The balance of God’s grace includes implications for our own walk with God and how we see, teach, and help others with God’s marvelous grace in their lives as well. May we embrace living a Romans 8 lifestyle with God in Christ through the Spirit.

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acbc, biblical counseling, calvary chapel, counseling, iabc, jeff christianson


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158: Eschatology and Discipleship

158: Eschatology and Discipleship
  • This was a very good Podcast. I truly enjoyed learning more about Grace. The comment, “Grace is made to live together”, really resonated with me. I truly believe we are made to do this Christian life together, and not alone. The four cautions were good. I had never heard them put exactly like that. The other comment that I had not heard, was the one that said, “Grace as a reward for following God and His plan for us.” As Dr. Kevin Carson said, we can’t just tell someone about Grace and not tell them about God’s plan for their life. (Or maybe it was Jeff that said that, sorry:) I love in Ecclesiastes 4, where it says, two are better than one, as two can, have a good reward for their toil, help each other up, lie down together to keep warm, and if one is over powered, the other can help.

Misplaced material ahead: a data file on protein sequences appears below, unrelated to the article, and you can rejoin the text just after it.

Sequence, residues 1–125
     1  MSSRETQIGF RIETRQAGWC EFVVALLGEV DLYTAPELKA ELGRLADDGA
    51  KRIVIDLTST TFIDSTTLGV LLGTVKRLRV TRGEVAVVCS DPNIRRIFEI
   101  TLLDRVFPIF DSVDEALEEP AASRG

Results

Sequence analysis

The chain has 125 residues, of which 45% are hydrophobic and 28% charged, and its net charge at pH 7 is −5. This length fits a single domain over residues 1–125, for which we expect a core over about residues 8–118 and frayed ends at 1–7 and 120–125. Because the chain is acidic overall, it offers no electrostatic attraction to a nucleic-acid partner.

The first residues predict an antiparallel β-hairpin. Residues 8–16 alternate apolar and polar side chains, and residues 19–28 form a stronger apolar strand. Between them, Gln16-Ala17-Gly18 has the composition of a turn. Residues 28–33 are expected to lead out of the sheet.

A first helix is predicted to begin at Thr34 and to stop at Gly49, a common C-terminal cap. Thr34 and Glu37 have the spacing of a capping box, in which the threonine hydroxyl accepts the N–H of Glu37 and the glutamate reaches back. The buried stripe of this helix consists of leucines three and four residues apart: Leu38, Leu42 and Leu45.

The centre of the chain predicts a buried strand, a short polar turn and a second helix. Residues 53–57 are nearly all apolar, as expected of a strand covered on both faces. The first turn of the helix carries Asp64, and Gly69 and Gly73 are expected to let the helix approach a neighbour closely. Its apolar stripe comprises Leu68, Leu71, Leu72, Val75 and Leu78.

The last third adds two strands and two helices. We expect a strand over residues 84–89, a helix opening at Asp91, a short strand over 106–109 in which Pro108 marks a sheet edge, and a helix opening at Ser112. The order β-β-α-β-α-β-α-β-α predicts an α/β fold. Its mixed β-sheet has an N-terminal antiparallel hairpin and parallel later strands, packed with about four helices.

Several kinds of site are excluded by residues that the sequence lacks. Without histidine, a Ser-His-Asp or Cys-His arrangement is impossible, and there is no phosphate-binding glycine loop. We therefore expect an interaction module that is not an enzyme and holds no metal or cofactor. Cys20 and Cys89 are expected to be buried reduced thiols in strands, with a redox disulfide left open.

• I enjoyed the reminder to help others, but also to especially help in areas where we may have personally walked and overcome by the grace of God.
    It was also a very good to be reminded to not simply enjoy grace myself while only imposing the call on others.